These trends suggest the presence of a latent constituency for protest that is largely hidden from the public eye and mainstream media spotlight as it engages in “safe” forms of activism during periods of political repression and/or closure, only to re-emerge again when openings occur in what social movement theorists refer to as “political opportunity structures.” It is well known that the rise in politicized contention corresponded to the liberal opening under the interim presidency of Dmitry Medvedev in 2008-2012. The election of Putin to his third presidential term in March 2012 was followed by a crackdown unprecedented in scale against protesters and political opposition. This crackdown is epitomized by the trials of the “Bolotnaya” protestors, named after the square in Moscow around which anti-regime protests and disturbances occurred on May 6, 2012, which some experts have likened to Stalin’s show trials.[5] The trials were initiated ostensibly due to protester violence against the police and have already resulted in nine jail sentences, arrests of a further twelve activists, and surveillance and travel restrictions on at least four other individuals. The repression and crackdown on street protests that followed Putin’s re-election is systematically recorded in my dataset. As shown in Figure 3, a substantially higher share of protest activity after March 2012, as compared to the earlier time periods, became subject to repression in the form of arrests of protesters, attempts to disrupt events by pro-Kremlin groups (by, for example, the youth group Nashi), police harassment, and other disruptive activities. 

By highlighting how protest repression might encourage protesters to alter the key demands articulated in a protest, I do not imply that these demands are completely divorced from citizens’ particular grievances. Indeed, as noted above, in times of economic hardship more people are likely to rally around bread-and-butter issues like layoffs, wage arrears, or delays in payment of salaries. Most ordinary people—at all times—may well perceive problems in their locality or neighborhood as having the most pressing and tangible effects on their lives. What the data trends seem also to suggest, however, is that particularly when political repression increases, there may be a greater tendency to (re)frame or (re)articulate grievances in more particularistic-local-parochial terms and re-channel blame away from national leaders and onto their sub-national clients or other lesser officials in the periphery: the corrupt municipal officials who enrich themselves by generating kickbacks from illegal construction projects on beautiful nature reserves; the private companies that dupe citizens into paying for apartment blocks that never get completed, and then get away with it because of the complicity or inaction of municipal and regional officials; or reckless drivers of official luxury vehicles sporting ubiquitous blue flashing lights (migalki) and endangering pedestrians and other vehicles.[6]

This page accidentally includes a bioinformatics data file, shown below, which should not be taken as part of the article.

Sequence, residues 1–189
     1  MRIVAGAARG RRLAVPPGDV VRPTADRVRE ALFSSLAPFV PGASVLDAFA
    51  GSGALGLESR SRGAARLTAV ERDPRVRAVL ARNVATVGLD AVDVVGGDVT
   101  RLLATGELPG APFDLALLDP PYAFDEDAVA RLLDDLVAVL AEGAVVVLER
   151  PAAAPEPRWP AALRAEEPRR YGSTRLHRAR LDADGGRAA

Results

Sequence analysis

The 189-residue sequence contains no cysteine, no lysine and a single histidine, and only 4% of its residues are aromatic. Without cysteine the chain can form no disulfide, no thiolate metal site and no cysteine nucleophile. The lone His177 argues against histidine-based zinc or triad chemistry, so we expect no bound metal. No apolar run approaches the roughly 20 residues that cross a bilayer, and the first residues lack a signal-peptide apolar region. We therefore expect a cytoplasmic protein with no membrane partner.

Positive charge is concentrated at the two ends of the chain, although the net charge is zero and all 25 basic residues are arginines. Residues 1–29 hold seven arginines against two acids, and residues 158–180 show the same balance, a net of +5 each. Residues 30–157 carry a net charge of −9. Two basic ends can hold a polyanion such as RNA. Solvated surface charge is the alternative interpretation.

Why should we pay attention to the observed fluidity in protest issues and the question of whom protesters blame for their grievances? In an earlier PONARS memo analyzing the sustainability of the momentum generated by the December 2011-March 2012 protests, Mark Kramer rightly highlighted the importance of the development of “abeyance structures.”[7] These structures unite protesters into something more or less whole and coherent, enabling and nurturing continuity in between phases of contention that could be separated by months or even years. Our data may not reveal the development of a coherent set of structures, ideologies, and leadership unifying protesters, but it does suggest the presence of constituencies for protest—however disparate—that continue accumulating what Robertson refers to as the human capital and skills toolkit of protest in between spikes in contention.[8] The existence of such protesting constituencies may be regarded as an important constant, even if the causes and targets that the same individuals take on are fluid, shifting, and adaptable to the institutional and political environments in which they operate. Sociologist Georgi Derlugian has also highlighted the importance of paying attention to this phenomenon by tracing the life histories of quintessential Soviet and post-Soviet activists in the Caucasus: a Brezhnev-era activist in pursuit of relatively safe issues (like the environment or youth health) becomes a democrat in the perestroika era and a nationalist demonstrator in post-Soviet times.[9] These patterns are illustrative of the adaptive capacity of citizens to change the way in which they articulate grievances in an authoritarian regime—and their potential to unite in large-scale protest as circumstances change.